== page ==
MUMBAI: The coming season, cultivation of genetically modified cotton in India is expected to double over the next year, said K F Jhunjhunwala, president of the East India Cotton Association here on August 10.
The president further pointed out that farmers are opting for more disease-resistant seeds amid a rise in the total cotton production in the country.
Jhunjhunwala said that of the total area of 8.8 million hectares under the crop in the year to the end of Sept 2006, 1.3 million were planted with transgenic Bt cotton and the coming season it should be around 3.2 million hectares.
However the total area under cotton cultivation was likely to remain around 9 million hectares as over a period of time, Bt cotton may touch 70-75 percent of the production.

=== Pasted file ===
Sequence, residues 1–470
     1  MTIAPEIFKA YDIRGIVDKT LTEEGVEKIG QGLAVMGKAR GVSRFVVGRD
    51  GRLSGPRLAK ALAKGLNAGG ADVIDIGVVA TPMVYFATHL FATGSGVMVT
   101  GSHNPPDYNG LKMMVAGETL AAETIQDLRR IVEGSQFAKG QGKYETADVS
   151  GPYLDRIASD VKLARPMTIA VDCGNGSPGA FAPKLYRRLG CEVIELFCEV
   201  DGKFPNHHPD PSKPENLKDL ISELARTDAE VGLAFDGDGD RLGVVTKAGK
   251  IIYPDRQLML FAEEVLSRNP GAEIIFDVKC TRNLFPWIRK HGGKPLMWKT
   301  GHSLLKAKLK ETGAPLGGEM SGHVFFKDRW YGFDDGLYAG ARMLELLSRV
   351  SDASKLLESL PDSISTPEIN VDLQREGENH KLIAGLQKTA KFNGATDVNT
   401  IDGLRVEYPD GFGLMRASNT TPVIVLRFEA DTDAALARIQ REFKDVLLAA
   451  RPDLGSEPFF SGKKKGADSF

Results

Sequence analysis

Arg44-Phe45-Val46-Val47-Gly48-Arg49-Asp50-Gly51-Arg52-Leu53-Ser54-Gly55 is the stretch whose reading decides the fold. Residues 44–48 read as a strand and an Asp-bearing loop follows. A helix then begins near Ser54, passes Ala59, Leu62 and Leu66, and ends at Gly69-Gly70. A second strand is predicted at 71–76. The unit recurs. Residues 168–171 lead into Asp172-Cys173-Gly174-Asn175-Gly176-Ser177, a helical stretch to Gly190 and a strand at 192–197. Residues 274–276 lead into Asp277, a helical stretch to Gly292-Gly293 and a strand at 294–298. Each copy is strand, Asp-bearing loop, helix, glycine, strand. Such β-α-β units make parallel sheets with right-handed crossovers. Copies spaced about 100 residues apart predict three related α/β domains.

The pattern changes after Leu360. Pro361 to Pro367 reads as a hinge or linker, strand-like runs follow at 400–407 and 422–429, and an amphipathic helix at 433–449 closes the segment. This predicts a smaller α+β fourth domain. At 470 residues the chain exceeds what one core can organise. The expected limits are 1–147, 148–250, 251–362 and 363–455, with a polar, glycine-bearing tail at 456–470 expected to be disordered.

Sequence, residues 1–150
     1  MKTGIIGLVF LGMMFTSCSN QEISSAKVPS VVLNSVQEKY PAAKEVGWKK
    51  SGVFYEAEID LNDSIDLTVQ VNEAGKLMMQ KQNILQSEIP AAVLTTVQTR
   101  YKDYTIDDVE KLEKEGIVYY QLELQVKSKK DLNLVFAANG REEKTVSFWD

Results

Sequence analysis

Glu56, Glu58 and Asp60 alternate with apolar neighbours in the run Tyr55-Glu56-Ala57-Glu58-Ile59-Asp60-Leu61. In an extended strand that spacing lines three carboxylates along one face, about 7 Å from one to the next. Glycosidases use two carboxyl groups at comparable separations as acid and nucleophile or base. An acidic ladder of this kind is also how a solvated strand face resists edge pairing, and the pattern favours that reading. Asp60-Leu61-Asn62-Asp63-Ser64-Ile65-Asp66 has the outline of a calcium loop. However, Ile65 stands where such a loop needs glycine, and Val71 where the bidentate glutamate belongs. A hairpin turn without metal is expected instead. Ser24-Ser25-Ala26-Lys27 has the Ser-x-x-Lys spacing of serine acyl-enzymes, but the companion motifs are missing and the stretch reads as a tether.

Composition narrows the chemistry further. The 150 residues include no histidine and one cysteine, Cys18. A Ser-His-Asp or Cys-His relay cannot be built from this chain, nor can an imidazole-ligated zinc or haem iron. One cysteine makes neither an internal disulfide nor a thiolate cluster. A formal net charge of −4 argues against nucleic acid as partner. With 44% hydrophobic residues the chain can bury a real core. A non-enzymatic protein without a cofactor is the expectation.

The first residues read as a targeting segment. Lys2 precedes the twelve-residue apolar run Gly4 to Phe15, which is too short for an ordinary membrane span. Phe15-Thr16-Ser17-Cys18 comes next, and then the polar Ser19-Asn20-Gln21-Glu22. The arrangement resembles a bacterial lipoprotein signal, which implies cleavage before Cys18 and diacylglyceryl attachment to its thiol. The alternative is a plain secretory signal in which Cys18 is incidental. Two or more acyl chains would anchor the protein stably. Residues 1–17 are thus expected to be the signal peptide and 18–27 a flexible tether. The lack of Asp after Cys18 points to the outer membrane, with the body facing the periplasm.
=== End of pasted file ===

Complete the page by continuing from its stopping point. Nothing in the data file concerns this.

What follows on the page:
The switchover to genetically modified seeds was seen as the main reason for the increase in production as it offered protection against major pests.
During 2002, India allowed farmers to plant transgenic cotton containing a gene from bacillus thuringiensis, a bacterium species, which causes lethal paralysis in the digestive tract of bollworm.
Jhunjhunwala also informed that total cotton crop in the season ending September 2006 would be 24.5 million bales, slightly higher than the 24.3 million produced a year ago.
Further exports would surge to a record 4.5 to 5 million bales from 1 million during the same comparable period because of carryover stocks and a good harvest.
Whereas production next year could easily touch 27 million bales, if there was a slight increase in yields, he added.